Date of Thesis
T. Joel Wade
The present research examined the influences of the halo effect and the similar-tome effect on physical and sexual attractiveness for hiring decisions. It was hypothesized that the halo effect would cause applicants rated highly in physical and sexual attractiveness to receive higher ratings of hireability than unattractive applicants.However, if the similar-to-me effect is influential for levels of attractiveness in hiring situations, participants who rated themselves as less attractive should favor unattractive applicants. The results did not show an interaction between participant self-ratings and ratings of hireability, indicating the similar-to-me effect does not apply to physical or sexual attractiveness. There was a main effect of sexual attractiveness of the applicant forhireability, showing support for the halo effect. This effect was only found for White applicants, potentially due to in-group bias and out-group homogeneity.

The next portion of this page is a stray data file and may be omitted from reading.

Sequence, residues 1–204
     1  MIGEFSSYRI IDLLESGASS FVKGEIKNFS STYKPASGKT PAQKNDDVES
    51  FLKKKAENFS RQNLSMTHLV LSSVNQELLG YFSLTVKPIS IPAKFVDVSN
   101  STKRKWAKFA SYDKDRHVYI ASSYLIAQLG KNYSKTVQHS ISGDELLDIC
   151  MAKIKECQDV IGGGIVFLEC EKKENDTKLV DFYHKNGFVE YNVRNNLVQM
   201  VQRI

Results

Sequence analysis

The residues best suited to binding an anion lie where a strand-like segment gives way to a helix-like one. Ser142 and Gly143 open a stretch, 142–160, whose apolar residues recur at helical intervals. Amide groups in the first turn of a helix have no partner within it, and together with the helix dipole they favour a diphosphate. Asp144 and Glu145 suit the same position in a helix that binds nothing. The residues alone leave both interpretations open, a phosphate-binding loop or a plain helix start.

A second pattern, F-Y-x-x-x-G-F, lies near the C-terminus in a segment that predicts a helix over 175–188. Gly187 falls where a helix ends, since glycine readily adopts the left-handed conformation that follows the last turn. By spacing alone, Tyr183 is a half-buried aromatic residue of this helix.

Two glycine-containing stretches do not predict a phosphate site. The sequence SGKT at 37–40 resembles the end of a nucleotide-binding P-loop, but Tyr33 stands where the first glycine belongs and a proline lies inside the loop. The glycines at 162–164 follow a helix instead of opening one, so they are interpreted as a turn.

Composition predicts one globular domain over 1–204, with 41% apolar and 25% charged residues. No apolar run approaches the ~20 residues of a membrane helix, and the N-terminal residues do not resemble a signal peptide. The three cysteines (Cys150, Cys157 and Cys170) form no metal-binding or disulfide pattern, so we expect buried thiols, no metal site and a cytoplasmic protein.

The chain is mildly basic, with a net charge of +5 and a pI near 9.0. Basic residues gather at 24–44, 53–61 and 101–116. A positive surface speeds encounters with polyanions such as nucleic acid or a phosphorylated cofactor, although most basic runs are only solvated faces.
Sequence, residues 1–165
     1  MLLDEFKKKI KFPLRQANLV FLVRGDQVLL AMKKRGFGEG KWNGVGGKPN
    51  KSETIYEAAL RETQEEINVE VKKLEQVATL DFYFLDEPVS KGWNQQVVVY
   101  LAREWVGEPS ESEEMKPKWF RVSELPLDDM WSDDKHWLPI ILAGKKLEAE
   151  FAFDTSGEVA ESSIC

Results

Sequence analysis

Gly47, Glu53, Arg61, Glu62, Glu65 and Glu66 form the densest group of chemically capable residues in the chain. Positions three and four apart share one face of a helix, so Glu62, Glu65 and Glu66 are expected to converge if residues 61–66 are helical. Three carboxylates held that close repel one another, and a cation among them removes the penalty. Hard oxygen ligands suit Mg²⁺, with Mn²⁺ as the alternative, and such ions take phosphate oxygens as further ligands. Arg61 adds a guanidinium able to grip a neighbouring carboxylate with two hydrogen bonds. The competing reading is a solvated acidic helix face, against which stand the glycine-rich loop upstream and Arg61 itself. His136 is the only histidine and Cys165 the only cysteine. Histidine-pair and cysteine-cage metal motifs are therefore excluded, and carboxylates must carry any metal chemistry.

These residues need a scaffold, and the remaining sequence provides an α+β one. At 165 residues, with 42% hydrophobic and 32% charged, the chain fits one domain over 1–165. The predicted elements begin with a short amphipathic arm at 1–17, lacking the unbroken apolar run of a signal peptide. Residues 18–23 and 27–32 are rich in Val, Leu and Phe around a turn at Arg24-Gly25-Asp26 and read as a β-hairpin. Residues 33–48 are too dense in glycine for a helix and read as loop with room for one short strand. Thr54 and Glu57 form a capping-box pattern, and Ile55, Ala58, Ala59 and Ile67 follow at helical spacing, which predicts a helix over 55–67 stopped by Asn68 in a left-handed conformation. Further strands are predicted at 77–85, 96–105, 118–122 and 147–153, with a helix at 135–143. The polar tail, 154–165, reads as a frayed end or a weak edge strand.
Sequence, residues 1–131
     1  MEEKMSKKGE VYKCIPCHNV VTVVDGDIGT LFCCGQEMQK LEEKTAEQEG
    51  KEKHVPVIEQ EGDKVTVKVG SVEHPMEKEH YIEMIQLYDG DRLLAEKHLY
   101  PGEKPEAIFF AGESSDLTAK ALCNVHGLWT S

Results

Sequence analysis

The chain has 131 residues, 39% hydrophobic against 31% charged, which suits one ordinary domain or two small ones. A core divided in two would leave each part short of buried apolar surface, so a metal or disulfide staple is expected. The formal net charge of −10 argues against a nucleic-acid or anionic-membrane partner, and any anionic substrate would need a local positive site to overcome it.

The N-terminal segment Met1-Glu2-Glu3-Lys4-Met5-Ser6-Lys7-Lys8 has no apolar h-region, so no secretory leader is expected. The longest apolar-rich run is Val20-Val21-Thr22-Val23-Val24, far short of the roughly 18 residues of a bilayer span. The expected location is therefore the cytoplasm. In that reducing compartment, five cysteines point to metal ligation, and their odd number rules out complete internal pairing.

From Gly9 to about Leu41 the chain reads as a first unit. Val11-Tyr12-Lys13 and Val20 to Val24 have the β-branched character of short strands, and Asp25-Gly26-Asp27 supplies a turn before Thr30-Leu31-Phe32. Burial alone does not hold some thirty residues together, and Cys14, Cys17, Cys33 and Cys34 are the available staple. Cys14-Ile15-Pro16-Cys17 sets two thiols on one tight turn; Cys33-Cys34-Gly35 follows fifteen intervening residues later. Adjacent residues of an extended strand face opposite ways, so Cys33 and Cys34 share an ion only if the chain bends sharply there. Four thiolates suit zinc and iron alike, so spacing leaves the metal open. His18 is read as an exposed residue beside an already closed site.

Cotter, Lauren, "Self-Perceived Attractiveness and Its Influence on the Halo Effect and the Similar-to Me Effect" (2011). Honors Theses. 18.